After spending the last year in a Product Security Architect role for a software company, I learned an important lesson:
Most application security efforts are misguided and ineffective.
While many security people have a good understanding of how to find application vulnerabilities and exploit them, they often don’t understand how software development teams work, especially in Agile/DevOps organizations. This leads to inefficiencies and a flawed program. If you really want to build secure applications, you have to meet developers where they are, by understanding how to embed security into their processes.
In some very mature Agile organizations, application security teams have started adding automated validation and testing points into their DevOps pipelines as DevSecOps (or SecDevOps, there seems to be a religious war over the proper terminology) to enforce the release of secure code. This is a huge improvement, because it ensures that you can eliminate the manual “gates” that block rapid deployment. My personal experience with this model is that it’s a work-in-progress, but a necessary aspirational goal for any application security program. Ultimately, if you can’t integrate your security testing into a CI/CD pipeline, the development process will circumvent security validation and introduce software vulnerabilities into your applications.
However, this is only one part of the effort. In Agile software development, there’s an expression, “shifting to the left,” which means moving validation to earlier parts of the development process. While I could explain this in detail, DevSecOps.org already has an excellent post on the topic. In my role, I partnered with development teams by acting as a product manager and treating security as a customer feature, because this seemed more effective than the typical tactic of adding a bunch of non-functional requirements into a product backlog.
A common question I would receive from scrum teams is whether a security requirement should be written as a user story or simply as acceptance criteria. The short answer is, “it depends.” If the requirement translates into direct functional requirements for a user, i.e. for a public service, it is better suited as a user story with its own acceptance criteria. If the requirement is concerned with a back-end service or feature, this is better expressed as acceptance criteria in existing stories. One technique I found useful was to create a set of user security stories derived from the OWASP Application Security Verification Standard (ASVS) version 3.0.1 that could be used as a template to populate backlogs and referenced during sprint planning. I’m not talking about “evil user stories,” because I don’t find those particularly useful when working with a group of developers.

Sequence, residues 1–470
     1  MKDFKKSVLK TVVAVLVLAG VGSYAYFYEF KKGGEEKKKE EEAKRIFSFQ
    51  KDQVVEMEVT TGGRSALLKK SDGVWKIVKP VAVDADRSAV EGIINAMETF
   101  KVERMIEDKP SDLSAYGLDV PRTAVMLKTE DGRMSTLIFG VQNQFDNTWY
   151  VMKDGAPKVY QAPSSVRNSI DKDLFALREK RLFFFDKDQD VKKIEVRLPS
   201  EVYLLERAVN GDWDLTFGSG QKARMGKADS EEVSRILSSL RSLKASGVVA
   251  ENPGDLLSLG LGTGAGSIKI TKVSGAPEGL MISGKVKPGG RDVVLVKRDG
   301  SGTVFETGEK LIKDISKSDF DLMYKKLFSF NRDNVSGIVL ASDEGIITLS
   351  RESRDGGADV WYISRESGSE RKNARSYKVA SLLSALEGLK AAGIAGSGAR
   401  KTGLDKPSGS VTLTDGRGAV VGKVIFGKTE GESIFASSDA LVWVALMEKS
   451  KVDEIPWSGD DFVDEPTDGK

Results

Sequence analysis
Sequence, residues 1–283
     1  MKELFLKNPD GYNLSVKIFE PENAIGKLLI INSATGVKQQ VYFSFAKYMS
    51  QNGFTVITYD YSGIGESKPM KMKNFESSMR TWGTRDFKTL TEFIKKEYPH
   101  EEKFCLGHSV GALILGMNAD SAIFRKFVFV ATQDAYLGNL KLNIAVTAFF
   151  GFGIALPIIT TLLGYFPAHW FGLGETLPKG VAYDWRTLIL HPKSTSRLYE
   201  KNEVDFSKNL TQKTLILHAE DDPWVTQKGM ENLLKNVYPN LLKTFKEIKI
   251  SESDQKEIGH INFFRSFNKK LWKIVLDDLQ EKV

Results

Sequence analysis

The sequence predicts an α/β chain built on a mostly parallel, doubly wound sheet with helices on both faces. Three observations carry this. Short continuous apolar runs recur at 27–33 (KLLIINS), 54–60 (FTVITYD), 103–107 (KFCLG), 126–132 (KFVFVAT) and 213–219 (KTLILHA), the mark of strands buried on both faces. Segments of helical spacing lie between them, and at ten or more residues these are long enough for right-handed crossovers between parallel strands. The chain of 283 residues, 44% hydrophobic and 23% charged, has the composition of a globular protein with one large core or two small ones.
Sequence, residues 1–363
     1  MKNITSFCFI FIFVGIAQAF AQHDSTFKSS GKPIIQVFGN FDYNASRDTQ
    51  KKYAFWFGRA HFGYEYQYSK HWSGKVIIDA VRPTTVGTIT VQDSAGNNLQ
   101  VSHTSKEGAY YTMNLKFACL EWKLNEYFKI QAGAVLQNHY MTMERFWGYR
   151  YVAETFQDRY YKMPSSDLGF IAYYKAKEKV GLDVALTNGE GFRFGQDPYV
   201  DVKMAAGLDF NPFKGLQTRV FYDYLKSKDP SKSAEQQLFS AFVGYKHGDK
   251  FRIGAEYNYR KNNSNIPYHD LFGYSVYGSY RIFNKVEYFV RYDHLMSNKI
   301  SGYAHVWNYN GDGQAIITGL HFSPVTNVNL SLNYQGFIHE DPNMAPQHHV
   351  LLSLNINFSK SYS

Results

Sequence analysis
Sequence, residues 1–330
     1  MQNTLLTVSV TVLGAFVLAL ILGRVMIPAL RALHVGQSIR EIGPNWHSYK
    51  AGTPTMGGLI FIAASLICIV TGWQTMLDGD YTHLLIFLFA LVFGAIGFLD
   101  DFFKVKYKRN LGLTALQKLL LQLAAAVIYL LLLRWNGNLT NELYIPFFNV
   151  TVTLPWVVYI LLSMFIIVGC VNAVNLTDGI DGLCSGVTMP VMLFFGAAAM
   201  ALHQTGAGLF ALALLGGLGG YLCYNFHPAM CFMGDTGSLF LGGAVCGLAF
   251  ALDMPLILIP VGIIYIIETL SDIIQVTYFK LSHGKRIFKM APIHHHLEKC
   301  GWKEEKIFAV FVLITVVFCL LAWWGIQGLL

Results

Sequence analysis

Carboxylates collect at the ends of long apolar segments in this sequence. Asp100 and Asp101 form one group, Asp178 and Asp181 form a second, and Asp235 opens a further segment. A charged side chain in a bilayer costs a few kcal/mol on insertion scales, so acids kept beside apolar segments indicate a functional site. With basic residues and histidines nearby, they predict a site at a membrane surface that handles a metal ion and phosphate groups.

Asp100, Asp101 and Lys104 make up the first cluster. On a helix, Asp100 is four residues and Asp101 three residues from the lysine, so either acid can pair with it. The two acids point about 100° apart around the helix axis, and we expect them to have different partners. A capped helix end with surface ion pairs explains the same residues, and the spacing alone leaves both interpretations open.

Another area where product teams struggle is whether a release should have a dedicated sprint for security or add the requirements as acceptance criteria to user stories throughout the release cycle. I recommend having a security sprint for all new or major releases due to the inclusion of time-intensive tasks such as manual penetration testing, architectural risk assessments and threat modeling. But this should be a collaborative process with a product team and I met regularly with product owners to assist with sprint planning and backlog grooming. I also found it useful to add a security topic to the MVS (minimum viable solution) contract.
I don’t pretend to have all the answers when it comes to improving software security, but spending time in the trenches with product development teams was an enlightening experience. The biggest takeaway: security teams have to grok the DevOps principle of collaboration if we want more secure software. To further this aim, I’m posting the set of user security stories and acceptance criteria I created here. Hopefully, it will be the starting point for a useful dialogue with your own development teams.